6. 6. – Geodetics and angles The geodetics and angles calculation and conversion modules are used in order to wander between the different coordinate system formats used in the system. Currently the system uses a number of different formats, namely, cartesian, radian-based ellipsoidal and degree-based ellip- soidal. These formats are based on the same system, the WGS84 ellipsoid. Further conversions and transformations to systems based on other ellipsoids are in the module transforms. These systems however are not used by the position calculation itself, but rather to convert the position so that it fits the maps used in Trace tool. – Assistance data calculations In order to cut down the satellite signal search time for the Mobile Station, functionality for checking whether a satellite is in view or not has been implemented. It also checks the health of the satellite. The The satellite’s positions are cached in the database and then used to determine which satellites are visible in each grid. The Assistance data calculations module uses the vector and matrix algebra modules to a very high extent. – Position calculations The most complex function of the whole calculations part of the system is the one that calculates the position of the receiver. It uses almost all other functions in the modules. The algorithm behind it uses the least squares method on matrices in order to calculate a correction to an initial ’wrong’ position in X, Y, Z dimensions and a time error. By iterating over the difference between each time the error is corrected, a fixed point is reached. And the final correction is added to the position. As inputs the function takes a set of satellite observations data. The algorithm heavily depends on the matrix, vector and geodetic modules.4.2 Trace ToolTrace Tool was designed to be used for demonstrating and testing the A-GPSserver. It consists of a map renderer, a map database and a tracer.Map-renderer The map-renderer’s main task is to convert a GenMap-file (Gen-eral Map format) to Scalable Vector Graphics (SVG) and Portable NetworkGraphics (PNG) files. Batik, a SVG-package for java, was used to implementthe SVG generation and manipulation. The SVG can be used to generate PDF-documents. The PNG:s are used to generate images that are intended to bedisplayed on the web interface. The GenMap-files are adapted to the limitedresources of the mobile appication.Map database generation The map database stores map data in three for-mats, SVG, PNG and GenMap. The database stores complete tilings of imagesof the world at multiple zoom levels. The images are saved in files and in pathsin a way that they can be identified by what area they cover.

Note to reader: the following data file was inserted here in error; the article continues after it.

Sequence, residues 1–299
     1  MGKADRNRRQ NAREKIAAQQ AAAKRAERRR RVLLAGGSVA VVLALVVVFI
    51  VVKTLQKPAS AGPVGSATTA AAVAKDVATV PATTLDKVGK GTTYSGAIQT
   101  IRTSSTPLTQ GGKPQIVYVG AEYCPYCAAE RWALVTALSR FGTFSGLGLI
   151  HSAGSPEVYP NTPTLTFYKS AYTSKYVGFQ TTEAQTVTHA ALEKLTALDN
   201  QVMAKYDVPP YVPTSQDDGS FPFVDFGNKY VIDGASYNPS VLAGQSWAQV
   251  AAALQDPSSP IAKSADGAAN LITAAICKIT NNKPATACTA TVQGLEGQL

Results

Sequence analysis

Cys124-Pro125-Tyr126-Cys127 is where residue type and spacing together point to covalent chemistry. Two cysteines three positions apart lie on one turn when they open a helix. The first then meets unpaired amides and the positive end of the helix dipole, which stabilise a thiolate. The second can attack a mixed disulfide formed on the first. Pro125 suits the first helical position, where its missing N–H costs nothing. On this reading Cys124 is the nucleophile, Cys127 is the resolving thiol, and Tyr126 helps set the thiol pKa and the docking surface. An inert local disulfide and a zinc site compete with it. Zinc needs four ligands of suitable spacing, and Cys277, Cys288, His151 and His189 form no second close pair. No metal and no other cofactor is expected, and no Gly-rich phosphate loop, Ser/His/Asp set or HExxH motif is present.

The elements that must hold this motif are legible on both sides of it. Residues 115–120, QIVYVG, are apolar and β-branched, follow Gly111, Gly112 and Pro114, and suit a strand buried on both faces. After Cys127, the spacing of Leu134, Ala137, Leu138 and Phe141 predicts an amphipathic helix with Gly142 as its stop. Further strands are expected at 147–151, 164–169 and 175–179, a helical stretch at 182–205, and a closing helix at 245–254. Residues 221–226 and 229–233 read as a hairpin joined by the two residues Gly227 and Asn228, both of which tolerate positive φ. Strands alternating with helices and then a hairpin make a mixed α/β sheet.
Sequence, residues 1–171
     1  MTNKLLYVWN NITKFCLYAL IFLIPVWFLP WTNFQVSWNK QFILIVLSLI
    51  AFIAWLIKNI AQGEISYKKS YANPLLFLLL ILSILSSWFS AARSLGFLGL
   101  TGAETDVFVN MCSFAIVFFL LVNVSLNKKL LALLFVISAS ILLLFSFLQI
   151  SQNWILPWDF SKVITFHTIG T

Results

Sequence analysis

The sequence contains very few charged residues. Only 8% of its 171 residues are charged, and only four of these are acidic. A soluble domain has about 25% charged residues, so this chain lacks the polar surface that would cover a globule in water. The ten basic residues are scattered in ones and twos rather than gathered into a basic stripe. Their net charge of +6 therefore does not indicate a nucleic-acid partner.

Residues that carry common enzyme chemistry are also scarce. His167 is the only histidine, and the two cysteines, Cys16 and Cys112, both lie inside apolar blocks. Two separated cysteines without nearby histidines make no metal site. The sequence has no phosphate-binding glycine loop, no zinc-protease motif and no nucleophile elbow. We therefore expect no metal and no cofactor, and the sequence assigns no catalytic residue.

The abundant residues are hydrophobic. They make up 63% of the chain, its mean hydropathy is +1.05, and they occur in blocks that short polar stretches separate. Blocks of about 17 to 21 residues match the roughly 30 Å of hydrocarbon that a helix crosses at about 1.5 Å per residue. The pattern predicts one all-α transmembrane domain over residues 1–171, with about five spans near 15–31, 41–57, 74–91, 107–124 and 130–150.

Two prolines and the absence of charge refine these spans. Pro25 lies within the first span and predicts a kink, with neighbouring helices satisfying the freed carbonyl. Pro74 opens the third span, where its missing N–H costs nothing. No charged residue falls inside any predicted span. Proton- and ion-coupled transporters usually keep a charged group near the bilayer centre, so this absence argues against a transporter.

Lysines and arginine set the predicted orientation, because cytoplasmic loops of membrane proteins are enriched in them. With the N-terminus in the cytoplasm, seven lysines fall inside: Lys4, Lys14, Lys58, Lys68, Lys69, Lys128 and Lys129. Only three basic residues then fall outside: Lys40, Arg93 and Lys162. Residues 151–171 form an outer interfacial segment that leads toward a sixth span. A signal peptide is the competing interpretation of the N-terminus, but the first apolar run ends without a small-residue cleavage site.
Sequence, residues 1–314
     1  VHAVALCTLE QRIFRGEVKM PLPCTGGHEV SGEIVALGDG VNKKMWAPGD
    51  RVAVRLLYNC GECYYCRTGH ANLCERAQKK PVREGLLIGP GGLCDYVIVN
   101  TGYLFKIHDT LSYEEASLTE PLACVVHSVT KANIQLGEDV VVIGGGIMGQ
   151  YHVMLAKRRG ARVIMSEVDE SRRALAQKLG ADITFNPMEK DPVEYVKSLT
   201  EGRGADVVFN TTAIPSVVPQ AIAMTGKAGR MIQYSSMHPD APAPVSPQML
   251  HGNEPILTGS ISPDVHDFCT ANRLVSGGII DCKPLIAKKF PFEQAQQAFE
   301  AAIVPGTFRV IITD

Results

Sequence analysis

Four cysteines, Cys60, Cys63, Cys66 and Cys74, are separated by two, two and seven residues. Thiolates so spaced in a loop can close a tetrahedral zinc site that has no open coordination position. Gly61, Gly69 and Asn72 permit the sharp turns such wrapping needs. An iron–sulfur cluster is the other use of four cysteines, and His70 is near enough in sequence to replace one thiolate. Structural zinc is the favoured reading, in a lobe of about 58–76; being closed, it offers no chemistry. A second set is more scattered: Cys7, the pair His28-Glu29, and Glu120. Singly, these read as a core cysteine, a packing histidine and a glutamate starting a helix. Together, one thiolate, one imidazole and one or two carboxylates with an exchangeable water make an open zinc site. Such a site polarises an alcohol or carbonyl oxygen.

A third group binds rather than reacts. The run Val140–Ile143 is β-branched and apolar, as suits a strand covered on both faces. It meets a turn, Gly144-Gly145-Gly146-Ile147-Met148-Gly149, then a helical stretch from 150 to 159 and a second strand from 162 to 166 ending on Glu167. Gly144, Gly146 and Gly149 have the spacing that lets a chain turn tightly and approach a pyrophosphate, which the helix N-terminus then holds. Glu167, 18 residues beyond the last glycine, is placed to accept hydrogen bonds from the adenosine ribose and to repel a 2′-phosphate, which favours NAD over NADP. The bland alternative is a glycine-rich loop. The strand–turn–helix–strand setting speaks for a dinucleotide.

7. 7. Map database usage The requests to the map database consitsts of threefields: a centerpoint, a zoom-level and an image-format. The image files corre-sponding to the portion of the map requested is extracted, tiled properly, andreturned.to build a map.Map conversion Lanm¨teriet and other parties delivering geographical data ado so using one of the two common GIS formats ESRI Shape or MapInfo. Thisimplementation of Tracetool focuses soley on ESRI Shape since it is the onlyformat Lantm¨teriet uses. ESRI Shape is a relatively primitive binary format. aIt uses shape files, containing the geographical data set, and database files (indBase format) containing so-called Attribute data, i.e. miscellaneous informationabout each geographic entity in the shape file. Furthermore, ESRI Shape uses a complicated system of varying bit orderin all of its fields. Since no Java API for handling ESRI Shape input data wasavailiable, it was decided that the C API Shapelib was to be used. In a Javaproject such as Trace Tool, this means the neccessary bindings between C andJava code need to be provided. The approach was to use Java Native Interface(JNI), which would link the C-code of the importer, compiled as a dynamicloadable library, with the Java Virtual Machine. The importer, called libgenmap, uses a filter file in a readable XML formatto translate the shape and attribute data to a generic map format in XML calledGenMap. The filter file sets the rules for the conversion. Since Shape data canexist in every language rules for translating element names into english as wellas drawing data, such as stroke width and color in the filter file, is provided. Bymaking it possible to create one filter file per shape file provider, it is ensuredthat Trace Tool works with any provider of geographical data, always generatingmap data of the same kind for use of Trace Tool, as long as the ESRI Shapestandard is complied with. After the translation process, the resulting map datais delieverd to Trace Tool in the generic XML-based GenMap format, where itis added to the geographical database.Tracing of subscribers Traces are iplemented by running separate threads foreach tracing, that each make positioning requests at a fixed interval. A trace-thread runs during the whole duration of the trace and stores each successfulpositioning in a database. The traces can then be retrieved by the GUI andplotted as a path on the map or exported for external analysis.Mobile application The mobile interface is an elementary positioning applica-tion developed for the J2ME [4] MIDP 2.0 [5] platform. It displays the positionof an AGPS-client along with a map of the surroundings. The view can be nav-igated by zooming and scrolling. The position is retrieved from an AGPS-serverand the map data from a specialized server.Web interface The web interface contains functionality for managing sub-scribers as well as starting, stopping and showing traces. The interface commu-